Park Plans Spring Prescribed Fire
Contact: Tom Farrell, 605-745-1130
Wind Cave National Park, S.D. – Officials at Wind Cave National Park plan to burn 617 acres west of the park’s visitor center this spring if weather and fuel conditions are within acceptable ranges.
“This fire will reduce fuel loading around the park’s administration area and enhance the prairie and ponderosa pine ecosystem,” said park superintendent Vidal Davila. “If conditions are not within acceptable ranges by mid-May, we’ll postpone the burn until next fall.”
Assisting with the burn are firefighters from other National Park Service units, the Black Hills National Forest, Buffalo Gap National Grasslands, and the U.S. Fish and Wildlife Service. The Elk Mountain Campground entrance road will be closed temporarily, but the campground and nearby hiking trail are expected to remain open during the operation. No other road or trail closures are anticipated. Smoke from the fire may be heavy at times in the visitor center and campground areas along with being visible from the surrounding region.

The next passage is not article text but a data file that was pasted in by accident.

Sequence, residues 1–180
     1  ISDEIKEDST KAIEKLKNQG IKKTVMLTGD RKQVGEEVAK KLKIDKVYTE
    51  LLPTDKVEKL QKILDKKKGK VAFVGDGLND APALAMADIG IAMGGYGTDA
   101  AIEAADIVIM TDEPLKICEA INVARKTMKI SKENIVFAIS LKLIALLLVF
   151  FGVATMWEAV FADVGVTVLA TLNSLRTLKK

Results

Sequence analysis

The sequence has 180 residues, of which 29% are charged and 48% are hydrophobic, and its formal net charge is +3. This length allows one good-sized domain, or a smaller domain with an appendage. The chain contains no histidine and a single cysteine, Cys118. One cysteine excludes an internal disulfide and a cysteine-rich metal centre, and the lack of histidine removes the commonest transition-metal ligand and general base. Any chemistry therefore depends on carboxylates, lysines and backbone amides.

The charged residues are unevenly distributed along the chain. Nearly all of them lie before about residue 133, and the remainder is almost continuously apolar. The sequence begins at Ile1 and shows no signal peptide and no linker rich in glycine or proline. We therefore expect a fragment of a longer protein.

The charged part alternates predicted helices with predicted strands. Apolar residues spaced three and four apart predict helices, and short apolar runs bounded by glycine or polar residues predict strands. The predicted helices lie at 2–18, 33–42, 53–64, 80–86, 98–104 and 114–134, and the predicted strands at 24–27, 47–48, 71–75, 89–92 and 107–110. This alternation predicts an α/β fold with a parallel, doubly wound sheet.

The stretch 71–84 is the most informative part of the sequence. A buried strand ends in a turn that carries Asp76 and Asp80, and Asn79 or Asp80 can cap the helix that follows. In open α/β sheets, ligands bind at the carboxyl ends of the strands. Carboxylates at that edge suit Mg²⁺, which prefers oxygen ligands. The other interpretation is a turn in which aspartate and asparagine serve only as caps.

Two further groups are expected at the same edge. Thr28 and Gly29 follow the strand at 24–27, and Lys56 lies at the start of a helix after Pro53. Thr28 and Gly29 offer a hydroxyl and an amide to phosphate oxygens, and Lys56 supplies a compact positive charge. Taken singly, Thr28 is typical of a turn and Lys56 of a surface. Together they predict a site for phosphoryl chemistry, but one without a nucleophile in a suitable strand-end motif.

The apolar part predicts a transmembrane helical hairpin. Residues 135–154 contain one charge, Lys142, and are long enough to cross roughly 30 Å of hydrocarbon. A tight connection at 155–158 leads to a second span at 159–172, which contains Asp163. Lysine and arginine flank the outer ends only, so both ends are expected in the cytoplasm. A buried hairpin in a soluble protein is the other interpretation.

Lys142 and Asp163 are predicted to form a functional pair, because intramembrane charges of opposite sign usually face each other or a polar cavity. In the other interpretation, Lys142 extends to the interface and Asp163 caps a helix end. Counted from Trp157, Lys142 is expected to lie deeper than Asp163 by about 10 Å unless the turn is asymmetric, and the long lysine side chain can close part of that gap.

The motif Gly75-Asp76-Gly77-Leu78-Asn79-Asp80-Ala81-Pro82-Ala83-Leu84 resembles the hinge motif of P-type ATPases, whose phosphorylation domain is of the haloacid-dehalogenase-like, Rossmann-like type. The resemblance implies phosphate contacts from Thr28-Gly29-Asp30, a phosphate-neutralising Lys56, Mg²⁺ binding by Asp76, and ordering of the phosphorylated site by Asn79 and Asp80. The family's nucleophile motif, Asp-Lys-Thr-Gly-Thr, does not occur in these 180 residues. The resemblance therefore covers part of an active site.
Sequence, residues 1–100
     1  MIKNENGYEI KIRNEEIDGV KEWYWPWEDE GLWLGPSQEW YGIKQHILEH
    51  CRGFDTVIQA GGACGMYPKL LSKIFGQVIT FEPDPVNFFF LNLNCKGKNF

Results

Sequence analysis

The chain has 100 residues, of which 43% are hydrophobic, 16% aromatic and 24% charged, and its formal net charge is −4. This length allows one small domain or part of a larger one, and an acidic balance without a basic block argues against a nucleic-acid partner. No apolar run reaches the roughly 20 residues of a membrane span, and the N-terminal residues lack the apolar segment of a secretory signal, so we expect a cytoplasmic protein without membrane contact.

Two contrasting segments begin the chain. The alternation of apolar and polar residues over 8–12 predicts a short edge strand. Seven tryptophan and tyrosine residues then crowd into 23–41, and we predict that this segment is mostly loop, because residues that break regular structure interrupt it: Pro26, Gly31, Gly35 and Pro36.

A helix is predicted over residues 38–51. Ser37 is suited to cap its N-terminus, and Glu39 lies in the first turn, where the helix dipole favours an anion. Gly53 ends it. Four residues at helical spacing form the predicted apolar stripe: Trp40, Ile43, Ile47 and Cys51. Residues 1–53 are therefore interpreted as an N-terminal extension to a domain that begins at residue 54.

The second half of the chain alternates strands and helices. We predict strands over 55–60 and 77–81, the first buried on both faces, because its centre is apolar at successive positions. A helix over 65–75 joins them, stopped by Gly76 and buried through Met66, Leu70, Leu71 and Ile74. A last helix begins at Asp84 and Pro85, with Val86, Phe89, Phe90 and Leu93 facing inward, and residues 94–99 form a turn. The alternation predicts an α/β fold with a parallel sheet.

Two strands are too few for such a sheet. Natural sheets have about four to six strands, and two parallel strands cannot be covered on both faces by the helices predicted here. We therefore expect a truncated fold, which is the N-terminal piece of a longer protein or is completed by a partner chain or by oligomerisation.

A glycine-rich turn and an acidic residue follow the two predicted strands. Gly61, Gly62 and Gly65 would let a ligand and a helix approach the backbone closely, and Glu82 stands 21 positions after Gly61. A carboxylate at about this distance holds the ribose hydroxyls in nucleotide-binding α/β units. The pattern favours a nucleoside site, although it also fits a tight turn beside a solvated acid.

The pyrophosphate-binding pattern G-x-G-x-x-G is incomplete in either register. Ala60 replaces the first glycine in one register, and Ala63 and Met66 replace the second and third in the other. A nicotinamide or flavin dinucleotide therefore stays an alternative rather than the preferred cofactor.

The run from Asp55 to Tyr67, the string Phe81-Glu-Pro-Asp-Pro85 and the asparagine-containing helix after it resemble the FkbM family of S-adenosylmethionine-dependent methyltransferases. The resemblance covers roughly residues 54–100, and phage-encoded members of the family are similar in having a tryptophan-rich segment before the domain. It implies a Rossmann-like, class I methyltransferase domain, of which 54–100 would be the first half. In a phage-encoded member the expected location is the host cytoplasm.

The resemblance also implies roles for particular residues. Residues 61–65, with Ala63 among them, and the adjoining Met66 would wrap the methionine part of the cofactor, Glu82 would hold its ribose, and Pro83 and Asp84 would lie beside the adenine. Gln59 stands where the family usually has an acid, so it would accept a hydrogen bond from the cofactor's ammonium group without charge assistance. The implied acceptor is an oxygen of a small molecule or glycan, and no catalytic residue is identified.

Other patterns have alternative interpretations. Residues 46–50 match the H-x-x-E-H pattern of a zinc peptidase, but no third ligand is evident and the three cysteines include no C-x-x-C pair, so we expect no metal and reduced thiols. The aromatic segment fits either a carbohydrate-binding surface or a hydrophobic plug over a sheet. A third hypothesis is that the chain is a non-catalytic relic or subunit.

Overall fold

This fire represents a continuation of the park's successful prescribed fire program which began in 1972. Segments of the park are burned each year, under controlled conditions, to simulate natural fires. Prescribed fires maintain the balance between forest and prairie, remove the build-up of dead fuels lessening the chance of a catastrophic wildfire, and rejuvenate the native prairie grasses.
Prescribed fires are carefully conducted under identified and approved prescription conditions. Factors such as humidity, fuel moisture, wind speed and direction, and short and long-range weather patterns are all considered in establishing the acceptable conditions for conducting a prescribed fire. If the prescribed set of conditions does not exist on a specific day, the planned fire is postponed.
Did You Know?
Fire is an important factor in protecting the prairie. Historically, fires burned across the prairie every 4 to 7 years. Fires burn the small trees that would otherwise march across the prairie and turn the grasslands to forest.